‘Tigertail’: An Ode to the Forgotten

At first glance I didn’t think I would empathize with Alan Yang’s Tigertail, a film about an immigrant father who has lost touch with his family, himself, and his purpose. As someone who grew up in a typical Filipino family and has lived in the same place almost all my life, Tigertail presents a story so disjointed from mine. But the film, while centered on the theme of immigration, also tackles themes of loneliness, class struggles, and being a stranger to your own family. In hindsight, Tigertail is a love story to home, culture, and identity.

The film begins with Pin Jui’s (Hong Chi-Lee, Tzi Ma) childhood, from where it was revealed that he lost his father and to when he meets his first love Yuan Lee (Yo-Hsing Fang, Joan Chen). It then moves forward to years later, where he, now a young adult working in the same factory as his mom, reunites with his childhood amour.

The first half of the film depicts the difficulties Jui experienced in Taiwan being born to a poor family. He knew it would be difficult for him to eventually marry Yuan because of his social standing. He fixated on going to America to give his mother a better life.

America becomes the beacon of hope; a country full of opportunities, a clean slate to start anew. Ping Jui’s story, however personal, is ultimately the story of a vast majority of Asian-Americans living in the US. It feels familiar. It’s as if I’ve heard it from a classmate in passing or a family member who left the country to try his luck abroad. Jui, determined to reach American soil, chose to marry someone from a rich family that would take him to the land of his dreams. This is the catalyst of Jui’s descent to loneliness.

It’s never easy to pick between love and career. Jui made the decision to provide, to take the opportunity presented to him. For the most part, he did become happy. He had built a home and a family of his own. But decades later, the question of happiness still stands. He’s living in a house with the ghost of his divorced wife and shadows of his distant children; the question is glowing more than ever.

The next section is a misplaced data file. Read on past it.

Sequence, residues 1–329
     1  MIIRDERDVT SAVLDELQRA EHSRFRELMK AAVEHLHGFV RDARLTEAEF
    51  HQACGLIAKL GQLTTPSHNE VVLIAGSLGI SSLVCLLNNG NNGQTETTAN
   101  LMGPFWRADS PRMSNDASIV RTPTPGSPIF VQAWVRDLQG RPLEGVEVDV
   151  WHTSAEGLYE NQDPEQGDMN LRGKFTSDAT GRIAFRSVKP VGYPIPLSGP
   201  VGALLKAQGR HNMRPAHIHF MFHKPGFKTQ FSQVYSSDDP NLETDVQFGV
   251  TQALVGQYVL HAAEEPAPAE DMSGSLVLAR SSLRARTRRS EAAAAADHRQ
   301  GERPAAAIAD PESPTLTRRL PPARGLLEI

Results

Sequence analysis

This film reminds me a lot of Wong Kar-wai’s work. It exudes a specific feeling: warm but with a touch of melancholy, a feeling you get from a distant memory. Tigertail is a memory of a man who has forgotten the feeling of genuine warmth and love.

The latter half of the film focuses on his distant relationship with his daughter Angela (Christine Ko). Her character serves as a great device to mirror the emptiness of not knowing who you’re supposed to be aside from being a workaholic corporate slave. In a sense, Jui and Angela are very much alike: alone and disjointed from their identities. Angela reflects the fatigue and unhappiness Jui felt in America.

Tzi Ma and Christine Ko play father and daughter in Tigertail.

Tigertail is only 91 minutes long. Despite its short runtime, it was able to present a poignant story of a lost man, father, and husband trying to grasp a connection with his past, his identity, and his daughter. It could have been longer—I wish we could have seen his relationship with Angela develop or him finally becoming happy. The ending left me wanting more closure. But I guess some stories are meant to end that way. It’s up to us to imagine what lies ahead for the characters. Tigertail leaves us to be hopeful.

There is nothing groundbreaking in terms of its filmmaking. What makes Tigertail good is its story. It’s a heartfelt ode to the past; a coming home to lost emotions, feelings, and colors that was buried to sustain a better living. It’s a reminder that sacrifices are done to build a better life, but it’s also a homecoming to what has been left behind, looked back on and never forgotten.


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